Privacy advocates resign over facial recognition plans
juan.g71 at gmail.com
Tue Aug 11 19:41:35 PDT 2015
On Tue, 11 Aug 2015 19:56:10 -0600
Mirimir <mirimir at riseup.net> wrote:
> I have no problem with calling bullshit. Not at all. But if nothing is
> workable, government criminals have won, and we're fucked.
If that's the case, shooting the messenger will solve nothing.
But that's not even what I said.
Somebody asked about a particular idea and I commented on it.
> > What information is out there?
> Methods, exploits, vulnerabilities, account credentials, passwords,
> etc, etc, etc. I'm not into that shit, but I know that it's out there.
Governments have point-and-click wiretapping capabilies for
instance. Are you saying that any script kiddy has the
'passwords' to those systems?
> > Are you missing the point on purpose? The networks are
> > 'owned' by the government and friends, and there obviously is no
> > fucking way for joe six pack to use their infrastructure to
> > 'watch' his masters.
> Yes, the networks are owned by governments and their friends. But that
> doesn't mean that they're unusable.
Usable/unusable for what? It seems quite obvious that
'network administrators' can spy on users whereas users can't
spy on networks administrators. The system is hierarchical by
nature and design.
And a rogue system administrator switching sides is not the same
thing as users having power.
> Free agents do get pwned, for
> sure. But all too often, it's bad OPSEC that gets them. Loose lips,
> And yes, "joe six pack" isn't doing that. But once stuff has been put
> online, anyone can check it out.
And before the internet, people read the newspapers.
Newspapers that 99% of the time worked (and work) for the
powers that be.
I don't think the discussion was about publishing information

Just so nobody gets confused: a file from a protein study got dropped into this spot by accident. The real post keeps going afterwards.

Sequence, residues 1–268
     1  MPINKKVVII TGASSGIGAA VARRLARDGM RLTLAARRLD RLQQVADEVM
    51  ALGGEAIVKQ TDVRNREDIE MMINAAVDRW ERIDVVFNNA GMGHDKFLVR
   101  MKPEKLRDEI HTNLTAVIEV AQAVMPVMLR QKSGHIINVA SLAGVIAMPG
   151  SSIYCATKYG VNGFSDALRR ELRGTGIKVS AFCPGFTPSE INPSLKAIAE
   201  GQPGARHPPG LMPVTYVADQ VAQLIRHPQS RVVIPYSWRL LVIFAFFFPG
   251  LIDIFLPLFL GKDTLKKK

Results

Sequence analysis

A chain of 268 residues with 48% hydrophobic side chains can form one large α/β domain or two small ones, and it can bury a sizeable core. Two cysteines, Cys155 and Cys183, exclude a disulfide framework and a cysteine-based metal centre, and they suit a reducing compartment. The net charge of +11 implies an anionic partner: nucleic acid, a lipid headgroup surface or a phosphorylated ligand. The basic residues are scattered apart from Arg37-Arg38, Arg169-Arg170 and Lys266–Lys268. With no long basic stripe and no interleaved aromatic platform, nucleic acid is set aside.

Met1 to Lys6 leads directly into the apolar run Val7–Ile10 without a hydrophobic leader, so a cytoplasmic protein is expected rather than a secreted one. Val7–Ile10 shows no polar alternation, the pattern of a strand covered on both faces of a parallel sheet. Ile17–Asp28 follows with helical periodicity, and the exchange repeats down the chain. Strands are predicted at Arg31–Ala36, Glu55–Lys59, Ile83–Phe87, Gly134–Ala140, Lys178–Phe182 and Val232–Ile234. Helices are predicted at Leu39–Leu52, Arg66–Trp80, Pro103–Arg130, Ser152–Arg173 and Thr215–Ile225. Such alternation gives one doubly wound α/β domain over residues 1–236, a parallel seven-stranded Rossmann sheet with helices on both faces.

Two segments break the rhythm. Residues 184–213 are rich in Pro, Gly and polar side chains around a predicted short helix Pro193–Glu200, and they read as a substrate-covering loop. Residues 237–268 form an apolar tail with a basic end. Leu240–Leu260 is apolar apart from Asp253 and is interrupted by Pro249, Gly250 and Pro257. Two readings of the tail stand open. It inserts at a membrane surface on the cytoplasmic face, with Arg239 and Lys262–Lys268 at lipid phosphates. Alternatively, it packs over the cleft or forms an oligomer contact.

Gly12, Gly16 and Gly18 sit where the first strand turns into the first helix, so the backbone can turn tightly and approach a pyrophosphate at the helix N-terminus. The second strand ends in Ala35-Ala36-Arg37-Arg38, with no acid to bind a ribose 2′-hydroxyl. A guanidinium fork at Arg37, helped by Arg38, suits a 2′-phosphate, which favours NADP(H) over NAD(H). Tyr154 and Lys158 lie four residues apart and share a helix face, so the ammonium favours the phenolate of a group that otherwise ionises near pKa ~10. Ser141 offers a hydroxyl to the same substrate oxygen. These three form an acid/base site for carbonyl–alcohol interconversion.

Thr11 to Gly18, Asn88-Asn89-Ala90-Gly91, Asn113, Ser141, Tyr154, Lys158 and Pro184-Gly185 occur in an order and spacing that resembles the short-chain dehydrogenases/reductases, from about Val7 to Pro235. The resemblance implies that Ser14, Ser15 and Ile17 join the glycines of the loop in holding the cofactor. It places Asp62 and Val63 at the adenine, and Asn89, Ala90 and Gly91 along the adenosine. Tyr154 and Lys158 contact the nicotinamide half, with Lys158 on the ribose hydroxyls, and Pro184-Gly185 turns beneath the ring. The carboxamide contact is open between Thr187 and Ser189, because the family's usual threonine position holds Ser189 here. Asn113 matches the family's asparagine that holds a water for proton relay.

but about surveillance anyway. There may be some overlap but
it's two different things.
> >> But it doesn't get posted on open mail
> >> lists. Results are put online, via WikiLeaks, Cryptome, pastebins,
> > Not what I was getting at, not to mention, the amount of
> > stuff that gets posted is (pretty) small.
> What were you getting at? We've seen some amazing shit from Snowden.
> It's too bad that he was too patriotic to just drop the whole wad
> somewhere, however. So it goes.
That's fine and dandy, but getting and publishing some secrets
doesn't counter the surveillance capabilities of the system.
Also, there were (many) people who correctly assumed that the
'programs' that Snowden leaked information about, were already
in place. You know, people who wore tin foil hats...
But now that the information is 'officialy' public, has the
nature of the surveillance mechanisms changed?
Can we now track the movements of the millions of state
employees? Listen to their calls? Browse their 'metadata'? Read
their mails? I don't think so.
> > Oh, and let me know when the nsa really gets 'hacked' as
> > opposed as having one employee betray them.
> They've been betrayed several times, that we know of. Mostly it's for
> money, and we rarely hear about that, even when people get busted.
> Have you read James Bamford's books on the NSA?
No. I'll see if I get a copy.
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